Mental health system overall aims to be less discriminatory towards black people and changes made to ensure that neither autism nor learning disabilities will be grounds for detention.
The Government has announced plans for a reform of the Mental Health Act, making changes to how people are sectioned in England and Wales.
When people are detained under the Mental Health Act, for their own safety, or the safety of others, they are immediately considered to be “sectioned”, no matter how long they are detained for.
The Mental Health Act White Paper aims for people to be treated “as individuals, with rights, preferences, and expertise”. It also sets out proposals to empower individuals to have more control over their own treatment, take action to address the disproportionate detention of people from black and minority groups and improve the way that people with learning disability and autistic people are treated in law.
Currently, black people are over four times more likely to be detained under the Act and over than 10 times more likely to be subject to a community treatment order.
The BBC reports that the reforms will see a Patient and Carers Race Equality Framework introduced across all NHS mental health trusts. The Government describes this as a practical tool to improve the outcome for BAME communities.
Patients from all ethnic backgrounds can be supported, with the development of what Ministers call “culturally appropriate advocates”.
Health Secretary Matt Hancock said: “We need to bring mental health laws into the 21st Century.
“I want to ensure our health service works for all, yet the Mental Health Act is now 40 years old.
“This is a significant moment in how we support those with serious mental health issues, which will give people more autonomy over their care and will tackle disparities for all who access services – in particular for people from minority ethnic backgrounds.”
A public consolation on the plans has been opened, with the Mental Health Bill set to be published in 2022.
The government will consult on several proposed changes, including:
- Introducing statutory ‘advance choice documents’ to enable people to express their wishes and preferences on their care when they are well, before the need arises for them to go into hospital;
- Implementing the right for an individual to choose a nominated person who is best placed to look after their interests under the act if they aren’t able to do so themselves;
- Expanding the role of independent mental health advocates to offer a greater level of support and representation to every patient detained under the act;
- Piloting culturally appropriate advocates so patients from all ethnic backgrounds can be better supported to voice their individual needs;
- Ensuring mental illness is the reason for detention under the act, and that neither autism nor a learning disability are grounds for detention for treatment of themselves;
- Improving access to community-based mental health support, including crisis care, to prevent avoidable detentions under the act – this is already underway backed by £2.3 billion a year as part of the NHS Long Term Plan.
Long overdue process
The changes can’t come soon enough for mental Health Charity Mind, which described the reform as ‘long awaited’.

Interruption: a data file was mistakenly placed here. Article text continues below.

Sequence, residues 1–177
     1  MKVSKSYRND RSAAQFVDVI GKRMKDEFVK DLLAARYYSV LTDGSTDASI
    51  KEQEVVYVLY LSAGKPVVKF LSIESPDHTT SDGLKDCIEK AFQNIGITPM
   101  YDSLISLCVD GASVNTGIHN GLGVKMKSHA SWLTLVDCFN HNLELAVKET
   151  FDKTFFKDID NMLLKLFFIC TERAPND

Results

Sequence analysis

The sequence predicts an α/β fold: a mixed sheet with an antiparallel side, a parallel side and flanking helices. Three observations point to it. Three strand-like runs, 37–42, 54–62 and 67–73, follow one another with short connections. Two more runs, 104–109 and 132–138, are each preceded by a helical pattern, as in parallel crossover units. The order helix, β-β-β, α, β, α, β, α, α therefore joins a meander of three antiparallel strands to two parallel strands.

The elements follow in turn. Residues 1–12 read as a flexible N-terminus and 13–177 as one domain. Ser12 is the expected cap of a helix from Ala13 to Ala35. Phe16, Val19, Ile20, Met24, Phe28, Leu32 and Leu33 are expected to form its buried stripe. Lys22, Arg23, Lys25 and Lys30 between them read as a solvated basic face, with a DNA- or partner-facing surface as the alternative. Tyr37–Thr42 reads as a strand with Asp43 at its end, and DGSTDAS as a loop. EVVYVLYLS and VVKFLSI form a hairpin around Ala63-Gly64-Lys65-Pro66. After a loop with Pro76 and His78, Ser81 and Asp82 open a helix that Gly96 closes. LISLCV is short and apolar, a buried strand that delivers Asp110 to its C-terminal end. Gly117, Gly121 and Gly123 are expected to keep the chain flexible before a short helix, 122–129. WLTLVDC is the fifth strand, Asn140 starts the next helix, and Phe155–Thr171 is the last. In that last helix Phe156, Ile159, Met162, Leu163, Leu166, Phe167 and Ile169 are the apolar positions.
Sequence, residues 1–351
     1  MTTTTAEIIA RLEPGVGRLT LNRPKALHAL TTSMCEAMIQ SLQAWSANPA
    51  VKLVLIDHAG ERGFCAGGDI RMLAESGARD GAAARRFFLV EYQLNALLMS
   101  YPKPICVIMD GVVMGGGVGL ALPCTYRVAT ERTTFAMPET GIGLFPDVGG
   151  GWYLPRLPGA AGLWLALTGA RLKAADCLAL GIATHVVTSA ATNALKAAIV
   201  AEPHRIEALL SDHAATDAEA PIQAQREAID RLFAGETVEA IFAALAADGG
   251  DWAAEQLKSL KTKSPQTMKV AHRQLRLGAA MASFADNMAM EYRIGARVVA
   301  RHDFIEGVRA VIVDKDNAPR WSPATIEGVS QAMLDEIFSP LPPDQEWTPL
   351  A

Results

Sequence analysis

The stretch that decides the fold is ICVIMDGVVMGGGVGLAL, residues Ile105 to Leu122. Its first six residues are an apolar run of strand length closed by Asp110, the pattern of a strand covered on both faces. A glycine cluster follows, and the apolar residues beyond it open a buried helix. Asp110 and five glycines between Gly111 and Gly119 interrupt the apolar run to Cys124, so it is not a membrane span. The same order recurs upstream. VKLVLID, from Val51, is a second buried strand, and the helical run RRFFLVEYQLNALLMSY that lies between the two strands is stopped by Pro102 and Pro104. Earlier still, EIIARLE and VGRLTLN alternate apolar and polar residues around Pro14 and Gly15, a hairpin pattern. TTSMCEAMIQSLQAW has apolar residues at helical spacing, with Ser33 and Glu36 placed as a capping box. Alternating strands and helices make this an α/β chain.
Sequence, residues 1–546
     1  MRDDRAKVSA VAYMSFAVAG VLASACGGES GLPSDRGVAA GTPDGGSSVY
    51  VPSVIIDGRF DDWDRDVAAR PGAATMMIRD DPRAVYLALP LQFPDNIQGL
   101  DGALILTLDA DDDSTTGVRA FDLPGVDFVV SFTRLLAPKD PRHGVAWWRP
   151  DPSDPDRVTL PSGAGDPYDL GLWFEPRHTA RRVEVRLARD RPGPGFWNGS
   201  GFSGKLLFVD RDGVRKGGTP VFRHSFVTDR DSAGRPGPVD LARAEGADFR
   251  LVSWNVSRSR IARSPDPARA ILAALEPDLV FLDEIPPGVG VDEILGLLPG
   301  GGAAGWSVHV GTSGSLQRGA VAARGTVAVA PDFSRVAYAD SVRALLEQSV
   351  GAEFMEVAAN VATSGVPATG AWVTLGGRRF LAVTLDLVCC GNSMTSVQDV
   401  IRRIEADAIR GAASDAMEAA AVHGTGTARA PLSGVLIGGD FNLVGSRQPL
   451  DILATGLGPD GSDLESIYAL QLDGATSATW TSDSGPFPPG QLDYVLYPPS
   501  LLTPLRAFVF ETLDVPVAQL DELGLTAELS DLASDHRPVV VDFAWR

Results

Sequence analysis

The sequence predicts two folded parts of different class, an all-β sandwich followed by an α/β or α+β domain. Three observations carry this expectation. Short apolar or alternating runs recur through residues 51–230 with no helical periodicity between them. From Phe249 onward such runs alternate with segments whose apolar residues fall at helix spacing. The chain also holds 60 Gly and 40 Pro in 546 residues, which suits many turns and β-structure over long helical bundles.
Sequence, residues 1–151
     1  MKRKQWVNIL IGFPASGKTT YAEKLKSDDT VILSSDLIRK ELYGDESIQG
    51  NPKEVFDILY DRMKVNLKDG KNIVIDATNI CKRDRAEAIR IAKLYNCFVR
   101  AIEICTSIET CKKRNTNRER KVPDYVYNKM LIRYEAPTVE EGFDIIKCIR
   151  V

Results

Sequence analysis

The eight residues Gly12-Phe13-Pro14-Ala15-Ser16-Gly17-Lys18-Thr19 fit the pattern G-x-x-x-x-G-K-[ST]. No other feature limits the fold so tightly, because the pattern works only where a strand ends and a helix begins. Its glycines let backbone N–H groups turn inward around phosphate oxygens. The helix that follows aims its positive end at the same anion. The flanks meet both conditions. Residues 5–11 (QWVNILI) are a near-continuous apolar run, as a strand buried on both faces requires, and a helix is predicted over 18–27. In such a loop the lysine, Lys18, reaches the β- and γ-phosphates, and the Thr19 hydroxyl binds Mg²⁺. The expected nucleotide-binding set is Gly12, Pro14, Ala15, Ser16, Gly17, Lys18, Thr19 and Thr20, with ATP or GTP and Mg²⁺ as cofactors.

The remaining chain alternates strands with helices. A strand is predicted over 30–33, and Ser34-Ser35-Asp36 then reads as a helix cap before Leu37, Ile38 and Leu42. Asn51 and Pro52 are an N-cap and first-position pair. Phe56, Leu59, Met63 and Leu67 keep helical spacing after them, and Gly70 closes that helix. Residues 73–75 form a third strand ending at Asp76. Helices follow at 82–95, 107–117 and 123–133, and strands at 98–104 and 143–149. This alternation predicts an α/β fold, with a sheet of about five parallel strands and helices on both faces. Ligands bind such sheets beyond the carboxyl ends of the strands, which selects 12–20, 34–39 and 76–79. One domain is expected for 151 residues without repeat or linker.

Sophie Corlett, Director of External Relations at Mind, said: “We are pleased the Government has accepted the majority of the recommendations made in the Independent Review. This is just the beginning of what is now a long overdue process. At the moment, thousands of people are still subjected to poor, sometimes appalling, treatment, and many will live with the consequences far into the future. Our understanding of mental health has moved on significantly in recent decades but our laws are rooted in the 19th century. Change on the ground cannot come soon enough.
“It is reassuring to see that many of Mind’s concerns – and those of the people with experience of the Mental Health Act who we supported to feed into the Review – have been heard. We must now see as many people as possible with experience of mental health problemstake part in the public consultation process, to make sure their voices and experiences are at the heart of reforms.”
Mark Winstanley, CEO of Rethink Mental Illness, described the news as a ‘significant milestone’. He said: “Many people will take for granted their right to have choice and control over the medical treatment they receive. But thousands of people every year who are severely affected by mental illness and who are detained under the act lose those rights and temporarily their liberty.
“The proposals set out in the white paper, all informed by the Independent Review of the Mental Health Act, give real hope for a more person-centred and principled Mental Health Act which better reflects how a modern society thinks about mental illness.”
Time for change
Sarah Hughes, Chief Executive at the Centre for Mental Health, added: “The need to modernise the Mental Health Act could not be clearer. Every year, the number of people who are sectioned grows. While we know this can save lives, the use of coercion can also cause lasting trauma and distress. And we have known for too long that black people are subjected to much higher levels of coercion at every stage of the system. It is time for this to change.
“We need to redress the power imbalance between people subject to the act and the state and to make the system fairer for all. We hope that today will bring us a step closer to mental health legislation that respects and protects people’s rights and dignity, that reduces inequality and that turns the tide on the growing use of coercion.”